Sunday, May 29, 2011
Water for the wheat crop
During the six month I spent in Africa, I put the whole vegetable garden under wheat and mustard. The bed we are following - where the sweetcorn had been grown - was sown to wheat on 25 April. The graph above gives a snapshot of the soil water regime at a depth of 30 cm from 1 July until harvest date. The topsoil remained wet up to the middle of September, as shown by the blue line (i.e. suction remained under 30 kPa). There were only two times during the season where the topsoil starts to dry – mid October and late November. But in both cases the rain soon returned. In fact it was a very wet season, with the crop receiving over 600 mm (shown on right hand axis).
The horizontal red line shows the period when the wetting front detector at 40 cm depth contained water. In this case the floats were removed from the detector and replaced by a simple electrode which could be logged (A friend downloaded the logger while I was away so I could see when water was collected and later sucked out of the detectors by the drying soil).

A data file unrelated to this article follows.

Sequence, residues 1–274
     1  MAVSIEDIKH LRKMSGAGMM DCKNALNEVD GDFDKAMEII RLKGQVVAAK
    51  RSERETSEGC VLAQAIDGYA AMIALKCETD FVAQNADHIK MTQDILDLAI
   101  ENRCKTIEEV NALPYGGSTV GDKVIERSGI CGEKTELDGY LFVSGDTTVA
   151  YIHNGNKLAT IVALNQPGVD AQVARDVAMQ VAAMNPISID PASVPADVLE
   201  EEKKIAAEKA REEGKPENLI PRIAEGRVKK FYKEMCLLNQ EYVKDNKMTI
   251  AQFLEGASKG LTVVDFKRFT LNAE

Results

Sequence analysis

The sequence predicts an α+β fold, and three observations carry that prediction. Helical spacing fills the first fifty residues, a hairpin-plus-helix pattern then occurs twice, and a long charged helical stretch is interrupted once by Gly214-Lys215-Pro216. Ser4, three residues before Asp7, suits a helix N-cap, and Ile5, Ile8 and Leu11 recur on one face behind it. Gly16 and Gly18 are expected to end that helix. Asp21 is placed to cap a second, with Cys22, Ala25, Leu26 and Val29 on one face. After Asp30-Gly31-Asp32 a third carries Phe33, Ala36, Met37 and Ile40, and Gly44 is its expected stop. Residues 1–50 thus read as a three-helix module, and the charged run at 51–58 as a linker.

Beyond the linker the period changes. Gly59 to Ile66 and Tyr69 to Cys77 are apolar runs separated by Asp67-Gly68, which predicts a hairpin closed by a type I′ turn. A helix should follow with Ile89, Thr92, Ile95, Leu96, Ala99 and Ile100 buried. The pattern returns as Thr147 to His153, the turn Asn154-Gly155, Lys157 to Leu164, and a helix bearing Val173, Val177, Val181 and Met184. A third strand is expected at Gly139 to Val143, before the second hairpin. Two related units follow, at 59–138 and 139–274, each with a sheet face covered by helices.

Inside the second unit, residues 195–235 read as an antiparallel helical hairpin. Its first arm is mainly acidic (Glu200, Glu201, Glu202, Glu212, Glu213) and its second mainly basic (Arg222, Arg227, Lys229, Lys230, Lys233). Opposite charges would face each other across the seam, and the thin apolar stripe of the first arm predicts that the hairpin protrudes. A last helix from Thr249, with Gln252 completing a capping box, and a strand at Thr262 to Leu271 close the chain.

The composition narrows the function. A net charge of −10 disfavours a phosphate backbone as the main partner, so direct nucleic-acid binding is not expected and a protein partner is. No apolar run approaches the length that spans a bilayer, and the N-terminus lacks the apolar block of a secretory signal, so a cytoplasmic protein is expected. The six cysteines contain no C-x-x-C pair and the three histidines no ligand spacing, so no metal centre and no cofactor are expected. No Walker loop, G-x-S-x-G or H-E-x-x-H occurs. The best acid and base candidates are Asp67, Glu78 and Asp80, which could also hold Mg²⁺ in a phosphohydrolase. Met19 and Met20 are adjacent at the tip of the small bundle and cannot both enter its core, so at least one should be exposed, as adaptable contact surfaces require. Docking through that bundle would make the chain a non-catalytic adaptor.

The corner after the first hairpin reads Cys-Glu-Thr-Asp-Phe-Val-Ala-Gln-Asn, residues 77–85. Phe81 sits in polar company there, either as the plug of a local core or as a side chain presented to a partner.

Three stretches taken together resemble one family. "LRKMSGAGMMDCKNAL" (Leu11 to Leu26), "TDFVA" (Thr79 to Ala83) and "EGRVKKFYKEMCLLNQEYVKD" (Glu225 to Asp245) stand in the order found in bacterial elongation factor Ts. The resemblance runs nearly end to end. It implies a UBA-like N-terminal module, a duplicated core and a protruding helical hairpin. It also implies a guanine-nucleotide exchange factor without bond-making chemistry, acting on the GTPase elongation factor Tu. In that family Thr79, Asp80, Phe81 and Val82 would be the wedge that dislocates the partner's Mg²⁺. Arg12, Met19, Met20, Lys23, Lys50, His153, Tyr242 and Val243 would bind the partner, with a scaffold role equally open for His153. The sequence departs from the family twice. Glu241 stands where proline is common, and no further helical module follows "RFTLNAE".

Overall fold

The pattern is quite obvious. When there is a lot of rain (the black cumulative rainfall line jumps up), the soil suction falls towards zero (the blue line). During the wettest periods the red line appears, showing the detector contained water. There are seven periods when the detector collected water – some for long periods and some for short. For example the detectors contained water for 109 hours in mid August after receiving 38 mm of rain over 3 days. But in mid October, after 57 mm rain, the detectors only held water for 25 hours. The reason is that the larger plants could suck water out of the soil much faster in the warmer October weather.
Over the six month period the detector at 40 cm depth contained water for a total period of 45 days. These are the periods when water is moving downwards quite quickly, from the topsoil into the heavy clay below. We expect much of the nitrate would be moving down into the subsoil as well.